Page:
8. Margarita

    Margarita Registered User

    Feb 17, 2006
    10,824
    london
    Now Norman you have given me an idea thanks :) , I could take my mum to Brighton she use to always take my children there when they where younger am getting a wheel chair for mum so I could take her by train.

    Like your wife, my mother loves the sea
     
  9. Kayla

    Kayla Registered User

    May 14, 2006
    621
    Kent
    Some friends have a very hyperactive grandson, who has been suspended from school a number of times and can be very awkward to handle. He also has learning difficulties. He is excellent though, with elderly people and young chidren, being very polite and considerate, and showing great concern for their well-being. He is now 12, and a year or so ago, helped out with an activity day for blind children. He did really well and was very sensible. Sometimes youngsters with problems themselves can be very understanding with other people who have difficulties.
    Good luck! Try to look on the bright side of life!
    Kayla
     
  10. Helena

    Helena Registered User

    May 24, 2006
    715
    Norman I admire your wish to try and please Peg

    I believe theres a major difference between trying to please a loving wife or husband to trying to please a parent who has been nasty to you their entire life is stubborn and cantankerous and who never ever has offered one word of praise for anything you do

    Equally the generation gap between parent and child particularily with those of my Mothers very advanced age and old attitudes does not make for an easy time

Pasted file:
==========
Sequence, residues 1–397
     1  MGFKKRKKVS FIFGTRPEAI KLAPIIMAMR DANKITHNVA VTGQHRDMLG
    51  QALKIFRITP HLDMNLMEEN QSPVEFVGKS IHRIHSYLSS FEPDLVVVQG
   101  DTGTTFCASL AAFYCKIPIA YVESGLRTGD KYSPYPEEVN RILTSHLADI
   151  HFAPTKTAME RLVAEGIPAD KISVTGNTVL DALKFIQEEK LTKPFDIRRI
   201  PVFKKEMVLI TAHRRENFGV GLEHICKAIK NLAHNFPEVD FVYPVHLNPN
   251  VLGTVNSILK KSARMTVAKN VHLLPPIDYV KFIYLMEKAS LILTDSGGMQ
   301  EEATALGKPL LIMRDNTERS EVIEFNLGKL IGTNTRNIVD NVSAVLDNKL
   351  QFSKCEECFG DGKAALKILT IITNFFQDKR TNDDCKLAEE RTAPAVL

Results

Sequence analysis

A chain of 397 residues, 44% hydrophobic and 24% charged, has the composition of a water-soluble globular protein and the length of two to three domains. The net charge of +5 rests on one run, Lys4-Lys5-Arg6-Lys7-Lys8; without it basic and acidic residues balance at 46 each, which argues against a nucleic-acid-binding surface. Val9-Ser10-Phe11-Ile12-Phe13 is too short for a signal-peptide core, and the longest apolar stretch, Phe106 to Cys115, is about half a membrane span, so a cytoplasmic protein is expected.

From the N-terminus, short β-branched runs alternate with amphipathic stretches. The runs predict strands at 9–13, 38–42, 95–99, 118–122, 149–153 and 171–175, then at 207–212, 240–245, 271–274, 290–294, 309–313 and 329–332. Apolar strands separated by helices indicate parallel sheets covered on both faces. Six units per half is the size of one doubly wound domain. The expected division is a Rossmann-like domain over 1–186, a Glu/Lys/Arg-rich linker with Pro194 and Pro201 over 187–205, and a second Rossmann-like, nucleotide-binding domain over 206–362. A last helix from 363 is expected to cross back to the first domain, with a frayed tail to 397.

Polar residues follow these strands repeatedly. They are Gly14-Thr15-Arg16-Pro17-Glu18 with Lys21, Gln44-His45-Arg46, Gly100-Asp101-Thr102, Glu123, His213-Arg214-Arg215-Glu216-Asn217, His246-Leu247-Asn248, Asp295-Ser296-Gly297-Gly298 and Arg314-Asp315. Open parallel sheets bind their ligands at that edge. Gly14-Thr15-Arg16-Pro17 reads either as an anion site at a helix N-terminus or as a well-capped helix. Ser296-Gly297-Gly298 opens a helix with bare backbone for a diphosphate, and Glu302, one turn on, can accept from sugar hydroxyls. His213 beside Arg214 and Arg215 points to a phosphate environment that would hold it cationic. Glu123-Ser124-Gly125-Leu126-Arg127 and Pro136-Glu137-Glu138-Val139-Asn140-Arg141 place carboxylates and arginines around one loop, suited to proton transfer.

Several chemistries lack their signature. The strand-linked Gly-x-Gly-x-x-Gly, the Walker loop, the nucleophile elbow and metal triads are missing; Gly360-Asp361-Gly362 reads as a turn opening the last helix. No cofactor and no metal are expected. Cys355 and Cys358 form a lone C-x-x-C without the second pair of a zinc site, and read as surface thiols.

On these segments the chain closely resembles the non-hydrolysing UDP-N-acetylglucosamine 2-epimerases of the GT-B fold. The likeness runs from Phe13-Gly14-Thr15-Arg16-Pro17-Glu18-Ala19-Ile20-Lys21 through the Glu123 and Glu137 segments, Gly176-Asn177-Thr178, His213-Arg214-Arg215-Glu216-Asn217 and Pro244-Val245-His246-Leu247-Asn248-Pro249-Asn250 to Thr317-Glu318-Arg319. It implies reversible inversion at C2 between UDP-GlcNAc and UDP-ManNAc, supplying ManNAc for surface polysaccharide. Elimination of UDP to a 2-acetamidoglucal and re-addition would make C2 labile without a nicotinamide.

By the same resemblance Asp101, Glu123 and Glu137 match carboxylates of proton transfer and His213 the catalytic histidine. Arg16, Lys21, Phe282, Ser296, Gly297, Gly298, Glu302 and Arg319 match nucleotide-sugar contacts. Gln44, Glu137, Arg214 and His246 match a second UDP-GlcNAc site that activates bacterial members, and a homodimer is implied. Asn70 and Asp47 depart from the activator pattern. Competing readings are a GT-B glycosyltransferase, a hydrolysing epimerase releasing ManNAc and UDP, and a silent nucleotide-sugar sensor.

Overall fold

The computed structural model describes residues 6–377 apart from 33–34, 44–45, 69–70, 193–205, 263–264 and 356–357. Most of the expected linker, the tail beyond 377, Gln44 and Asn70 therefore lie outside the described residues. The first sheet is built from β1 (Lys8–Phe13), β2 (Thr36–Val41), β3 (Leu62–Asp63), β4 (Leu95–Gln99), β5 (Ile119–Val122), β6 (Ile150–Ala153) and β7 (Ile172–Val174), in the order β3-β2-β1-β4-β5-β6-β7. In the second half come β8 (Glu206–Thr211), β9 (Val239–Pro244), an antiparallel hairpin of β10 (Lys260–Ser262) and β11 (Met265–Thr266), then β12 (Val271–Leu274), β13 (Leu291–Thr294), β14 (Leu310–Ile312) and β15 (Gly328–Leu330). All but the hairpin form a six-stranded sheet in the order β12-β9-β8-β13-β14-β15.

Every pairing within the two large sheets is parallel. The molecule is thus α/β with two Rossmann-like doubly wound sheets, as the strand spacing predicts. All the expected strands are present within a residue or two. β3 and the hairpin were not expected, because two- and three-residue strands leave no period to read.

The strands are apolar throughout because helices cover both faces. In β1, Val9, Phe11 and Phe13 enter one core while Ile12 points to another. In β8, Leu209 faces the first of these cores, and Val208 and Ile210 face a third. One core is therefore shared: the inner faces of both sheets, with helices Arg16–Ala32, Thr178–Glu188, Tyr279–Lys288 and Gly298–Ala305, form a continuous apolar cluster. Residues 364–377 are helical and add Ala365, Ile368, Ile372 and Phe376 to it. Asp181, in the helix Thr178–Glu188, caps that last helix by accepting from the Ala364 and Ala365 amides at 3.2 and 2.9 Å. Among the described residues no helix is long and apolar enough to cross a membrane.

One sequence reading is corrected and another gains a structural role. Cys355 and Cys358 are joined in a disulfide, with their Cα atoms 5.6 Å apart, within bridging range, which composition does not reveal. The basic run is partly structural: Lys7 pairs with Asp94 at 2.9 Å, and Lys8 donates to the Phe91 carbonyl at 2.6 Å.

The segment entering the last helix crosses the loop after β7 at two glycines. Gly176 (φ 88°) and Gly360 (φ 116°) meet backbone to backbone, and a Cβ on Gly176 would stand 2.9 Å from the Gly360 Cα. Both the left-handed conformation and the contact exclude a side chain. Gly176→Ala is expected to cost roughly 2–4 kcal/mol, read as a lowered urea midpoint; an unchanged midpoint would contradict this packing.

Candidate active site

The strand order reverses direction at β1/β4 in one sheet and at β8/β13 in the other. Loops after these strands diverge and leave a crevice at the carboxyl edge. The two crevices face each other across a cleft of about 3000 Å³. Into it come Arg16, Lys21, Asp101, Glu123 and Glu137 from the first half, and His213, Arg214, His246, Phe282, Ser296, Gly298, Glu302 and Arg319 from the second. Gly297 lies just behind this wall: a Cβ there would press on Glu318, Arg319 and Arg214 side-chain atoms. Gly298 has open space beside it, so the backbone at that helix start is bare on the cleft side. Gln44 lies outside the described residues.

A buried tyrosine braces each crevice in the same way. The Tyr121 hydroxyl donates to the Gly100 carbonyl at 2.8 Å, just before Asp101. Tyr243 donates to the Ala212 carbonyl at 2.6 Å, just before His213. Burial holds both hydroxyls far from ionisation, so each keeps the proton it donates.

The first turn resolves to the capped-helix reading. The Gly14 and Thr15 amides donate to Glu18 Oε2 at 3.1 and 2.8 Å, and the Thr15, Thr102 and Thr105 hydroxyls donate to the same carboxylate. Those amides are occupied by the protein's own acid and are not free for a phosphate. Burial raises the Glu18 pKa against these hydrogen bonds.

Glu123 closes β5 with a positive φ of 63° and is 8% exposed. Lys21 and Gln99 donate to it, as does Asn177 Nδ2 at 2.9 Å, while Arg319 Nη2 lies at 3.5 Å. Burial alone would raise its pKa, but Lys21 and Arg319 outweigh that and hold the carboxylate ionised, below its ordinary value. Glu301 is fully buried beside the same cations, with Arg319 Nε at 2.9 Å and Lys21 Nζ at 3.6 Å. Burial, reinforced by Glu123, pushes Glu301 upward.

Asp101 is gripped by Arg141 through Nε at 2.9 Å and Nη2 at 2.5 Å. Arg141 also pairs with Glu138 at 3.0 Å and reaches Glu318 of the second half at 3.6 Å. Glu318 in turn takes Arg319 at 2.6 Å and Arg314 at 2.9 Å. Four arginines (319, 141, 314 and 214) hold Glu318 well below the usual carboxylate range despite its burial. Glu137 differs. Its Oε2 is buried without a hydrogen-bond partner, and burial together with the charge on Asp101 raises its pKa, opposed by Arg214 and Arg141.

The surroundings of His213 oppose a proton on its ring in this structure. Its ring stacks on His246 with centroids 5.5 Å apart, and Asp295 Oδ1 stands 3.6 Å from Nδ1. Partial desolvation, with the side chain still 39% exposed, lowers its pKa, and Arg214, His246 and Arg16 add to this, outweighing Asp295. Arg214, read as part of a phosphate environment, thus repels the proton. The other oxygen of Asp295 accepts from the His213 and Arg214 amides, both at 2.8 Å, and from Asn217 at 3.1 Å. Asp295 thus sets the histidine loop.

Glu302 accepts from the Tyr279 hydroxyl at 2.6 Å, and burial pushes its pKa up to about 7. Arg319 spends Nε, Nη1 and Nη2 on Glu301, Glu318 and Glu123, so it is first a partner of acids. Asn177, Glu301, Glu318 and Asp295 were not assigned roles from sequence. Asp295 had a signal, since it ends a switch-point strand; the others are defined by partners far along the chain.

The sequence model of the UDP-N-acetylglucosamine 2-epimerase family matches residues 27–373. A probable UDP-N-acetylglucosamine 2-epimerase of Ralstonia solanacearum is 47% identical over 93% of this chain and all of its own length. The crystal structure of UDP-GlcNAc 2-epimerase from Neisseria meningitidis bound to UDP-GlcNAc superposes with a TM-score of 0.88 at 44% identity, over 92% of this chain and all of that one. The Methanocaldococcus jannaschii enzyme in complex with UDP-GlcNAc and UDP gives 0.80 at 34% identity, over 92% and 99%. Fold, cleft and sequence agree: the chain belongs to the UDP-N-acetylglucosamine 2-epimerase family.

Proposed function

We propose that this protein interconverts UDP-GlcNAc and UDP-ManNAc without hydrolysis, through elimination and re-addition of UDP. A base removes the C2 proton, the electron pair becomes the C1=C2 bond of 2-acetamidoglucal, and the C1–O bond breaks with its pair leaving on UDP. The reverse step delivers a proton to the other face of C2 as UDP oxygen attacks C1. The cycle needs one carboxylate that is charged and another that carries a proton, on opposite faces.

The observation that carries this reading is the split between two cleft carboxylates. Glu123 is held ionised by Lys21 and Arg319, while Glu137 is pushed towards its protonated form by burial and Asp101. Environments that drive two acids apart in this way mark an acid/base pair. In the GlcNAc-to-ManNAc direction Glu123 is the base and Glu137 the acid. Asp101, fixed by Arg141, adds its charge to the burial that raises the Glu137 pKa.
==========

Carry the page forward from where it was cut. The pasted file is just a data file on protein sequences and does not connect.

My generation have a very different relationship with our children and grandchildren
     
  11. Tender Face

    Tender Face Account Closed

    Mar 14, 2006
    5,379
    NW England
    Why? Why such a 'global' statement? Are we all 'doomed' to our generation?

    I have every confidence that Panda's experience will be of great benefit to everyone involved .... stressful as it may be - especially for Panda feeling the 'pivotal' part at points in time.... but thoroughly rewarding...

    Helena, I 'hear your pain' - have you ever tried to do what Panda is doing? And to pre-empt the expected response.... the only person stopping you (from at least trying) is you.....

    Sometimes, we just have to break the mould...... and if we don't do it, no-one else will....

    Love, Karen (TF), x
     
  12. Lila13

    Lila13 Registered User

    Feb 24, 2006
    1,342
    Generations

    I feel (felt) much closer to my grandmother's and mother's generation than to my niece and the next generation.

    It was normal for us as children to be expected to help look after the older members of our family, but my niece and foster-nephew and cousins and their friends seem to think that whatever they want to do comes first.

    My brother said "I have higher priorities" using "the children" (aged 25 and 16!) as an excuse for not visiting enough. I pointed out that some "children" of that age have caring responsibilities of their own. My mother was 13 when she was first sent to stay with an elderly aunt to look after her.

    Of course I know it's different in different families.

    Lila
     
  13. panda

    panda Registered User

    Apr 16, 2006
    88
    Surrey
    Thanks to all

    Thank you all for your positive comments, as for writing it all down to laugh at later I have been doing that for nine months now and it helps me to look back and see what we have survived. I also think one day it would make a good book as there are some unbelievable funny moments in there. One being the day mum came home on the milk float after getting very lost and the lovley milkman saw her wandering round. I told her she is not Cat Slater. I am afraid just giving her lemonade will not work as she is a brandy drinker but I will be giving her lots of ice and try to keep her busy to distract her. Well we are going on Tuesday take care all and I will let you know how it goe,s.